Women are not the only ones who need to get their bodies ready for conception. Men face their own challenges in both becoming fathers and in maintaining their health throughout the early years of parenthood, especially if they are older at the time of conception. It is often not until a couple is expecting their first child that men may schedule a long overdue preventive health care visit.
For a couple in which the prospective mother is over age 35, time is of the essence. If a couple has been trying to conceive for six months or longer without achieving pregnancy, an infertility work up should be initiated. One of the first and least invasive steps includes a semen analysis to detect male factor infertility. Low sperm counts, dysmorphic sperm and poor sperm motility may all lead to low fertility in men. If the semen analysis reveals a low sperm count or poor sperm quality or motility, a urological consultation may be required.
For some couples erectile dysfunction and low libido may further impact fertility. Blood tests for testosterone and free testosterone levels should also be done to investigate and abnormal sperm count or low sex drive. Testosterone levels fluctuate throughout the day and day to day. As a result, levels should be checked in the early morning. Finally, anabolic steroids including testosterone, androgens and supplements claiming to boost muscle mass, such as those used in professional body building, should be avoided. These all inhibit normal testicular function and can affect male hormone levels.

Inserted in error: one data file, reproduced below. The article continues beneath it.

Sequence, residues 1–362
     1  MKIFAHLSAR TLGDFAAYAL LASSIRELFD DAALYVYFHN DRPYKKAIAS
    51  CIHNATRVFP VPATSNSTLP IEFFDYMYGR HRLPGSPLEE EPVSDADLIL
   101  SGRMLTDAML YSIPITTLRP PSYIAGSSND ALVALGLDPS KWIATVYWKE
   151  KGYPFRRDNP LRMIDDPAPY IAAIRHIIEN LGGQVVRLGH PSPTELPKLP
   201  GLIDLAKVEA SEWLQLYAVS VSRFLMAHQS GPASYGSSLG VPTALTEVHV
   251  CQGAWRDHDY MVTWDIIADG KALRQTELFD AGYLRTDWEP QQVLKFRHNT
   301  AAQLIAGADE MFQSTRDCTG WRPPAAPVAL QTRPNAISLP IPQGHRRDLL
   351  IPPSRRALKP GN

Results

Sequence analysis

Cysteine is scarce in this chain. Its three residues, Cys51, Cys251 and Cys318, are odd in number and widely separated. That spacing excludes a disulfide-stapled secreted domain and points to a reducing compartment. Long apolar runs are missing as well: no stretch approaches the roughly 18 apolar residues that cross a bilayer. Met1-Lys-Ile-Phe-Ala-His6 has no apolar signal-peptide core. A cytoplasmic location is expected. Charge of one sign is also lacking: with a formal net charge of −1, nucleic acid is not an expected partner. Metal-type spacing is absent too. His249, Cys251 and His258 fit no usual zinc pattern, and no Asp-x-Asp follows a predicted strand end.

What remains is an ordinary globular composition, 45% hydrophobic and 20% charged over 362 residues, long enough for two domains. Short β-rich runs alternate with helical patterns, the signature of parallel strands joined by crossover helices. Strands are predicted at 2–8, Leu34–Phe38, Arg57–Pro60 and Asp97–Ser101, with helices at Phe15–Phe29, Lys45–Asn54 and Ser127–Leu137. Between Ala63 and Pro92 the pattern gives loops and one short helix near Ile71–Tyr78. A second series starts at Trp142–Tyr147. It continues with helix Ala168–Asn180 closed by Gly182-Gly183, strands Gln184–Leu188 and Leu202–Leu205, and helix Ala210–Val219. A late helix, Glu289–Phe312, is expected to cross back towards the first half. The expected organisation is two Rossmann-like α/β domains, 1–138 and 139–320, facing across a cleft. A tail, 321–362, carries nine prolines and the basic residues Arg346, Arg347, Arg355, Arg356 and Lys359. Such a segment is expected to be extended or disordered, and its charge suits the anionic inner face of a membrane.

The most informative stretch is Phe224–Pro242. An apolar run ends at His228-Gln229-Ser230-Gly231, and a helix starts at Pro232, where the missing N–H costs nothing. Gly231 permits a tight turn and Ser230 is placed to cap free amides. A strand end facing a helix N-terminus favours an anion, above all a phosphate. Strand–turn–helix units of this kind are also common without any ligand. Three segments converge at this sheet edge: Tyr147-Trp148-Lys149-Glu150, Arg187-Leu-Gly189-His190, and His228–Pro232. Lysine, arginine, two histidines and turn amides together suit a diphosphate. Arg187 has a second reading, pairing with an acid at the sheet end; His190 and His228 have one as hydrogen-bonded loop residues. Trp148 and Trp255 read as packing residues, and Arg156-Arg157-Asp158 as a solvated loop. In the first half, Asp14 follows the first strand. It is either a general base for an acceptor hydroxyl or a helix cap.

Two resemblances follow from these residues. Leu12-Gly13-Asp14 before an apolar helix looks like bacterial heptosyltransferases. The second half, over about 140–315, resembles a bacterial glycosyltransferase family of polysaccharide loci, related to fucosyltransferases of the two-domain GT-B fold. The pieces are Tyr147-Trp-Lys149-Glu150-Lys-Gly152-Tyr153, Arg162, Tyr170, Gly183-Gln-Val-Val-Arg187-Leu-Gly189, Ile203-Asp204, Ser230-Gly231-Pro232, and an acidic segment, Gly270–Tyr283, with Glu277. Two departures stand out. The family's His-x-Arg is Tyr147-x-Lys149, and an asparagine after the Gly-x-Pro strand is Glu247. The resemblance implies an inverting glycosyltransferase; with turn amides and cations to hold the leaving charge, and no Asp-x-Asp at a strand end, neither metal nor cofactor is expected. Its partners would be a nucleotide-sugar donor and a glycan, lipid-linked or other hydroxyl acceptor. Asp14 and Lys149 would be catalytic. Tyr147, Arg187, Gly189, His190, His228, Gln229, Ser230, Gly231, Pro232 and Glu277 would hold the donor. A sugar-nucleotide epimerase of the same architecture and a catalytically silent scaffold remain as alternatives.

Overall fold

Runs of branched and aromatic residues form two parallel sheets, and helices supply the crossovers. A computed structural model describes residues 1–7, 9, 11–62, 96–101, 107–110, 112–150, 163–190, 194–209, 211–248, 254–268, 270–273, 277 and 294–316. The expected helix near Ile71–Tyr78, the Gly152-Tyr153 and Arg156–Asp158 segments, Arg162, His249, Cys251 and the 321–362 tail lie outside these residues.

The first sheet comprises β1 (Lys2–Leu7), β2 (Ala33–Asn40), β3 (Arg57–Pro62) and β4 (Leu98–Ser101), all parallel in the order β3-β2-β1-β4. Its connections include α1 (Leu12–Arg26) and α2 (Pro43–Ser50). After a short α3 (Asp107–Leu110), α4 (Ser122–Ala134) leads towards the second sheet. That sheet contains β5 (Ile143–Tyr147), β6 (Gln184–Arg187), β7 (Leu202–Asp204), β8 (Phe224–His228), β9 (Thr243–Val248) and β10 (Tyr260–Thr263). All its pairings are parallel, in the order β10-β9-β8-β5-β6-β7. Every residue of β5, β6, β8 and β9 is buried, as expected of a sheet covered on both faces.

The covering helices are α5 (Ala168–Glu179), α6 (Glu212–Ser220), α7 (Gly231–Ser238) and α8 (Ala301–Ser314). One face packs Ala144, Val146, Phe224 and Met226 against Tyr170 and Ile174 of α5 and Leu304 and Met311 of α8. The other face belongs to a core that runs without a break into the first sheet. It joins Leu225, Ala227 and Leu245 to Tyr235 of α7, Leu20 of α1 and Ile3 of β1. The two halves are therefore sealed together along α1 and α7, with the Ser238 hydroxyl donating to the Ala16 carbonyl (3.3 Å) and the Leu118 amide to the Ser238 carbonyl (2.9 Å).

There are natural methods for boosting testosterone levels and sperm production in men. Adequate exercise and getting enough sleep may help to boost testosterone levels. In addition, weight loss and avoidance of endocrine disrupting environmental contaminants may also naturally boost androgens. High temperature, on the other hand, has a negative effect on sperm production. An example of an exercise that may temporarily lower sperm counts is long-distance cycling. Known endocrine disruptors include certain plastics and pesticides as well as alcohol, marijuana, and opiates can also impact fertility in men.
Diet and medications can also affect male fertility. When considering a man’s diet, I generally counsel patients to eat as clean a diet as possible with focus on organic plant-based foods. Nonessential medications should be avoided, and alcohol should be used only in moderation. Commonly prescribed drugs for depression, like SSRIs, can have an adverse effect on male sex drive and sperm production as can various drugs used to treat an enlarged prostate. Men taking these prescription medications should consult their physicians before discontinuing use in order to assess the risks and benefits of stopping drug therapy. Drugs used to treat erectile dysfunction are generally thought to be free of adverse effects on fertility.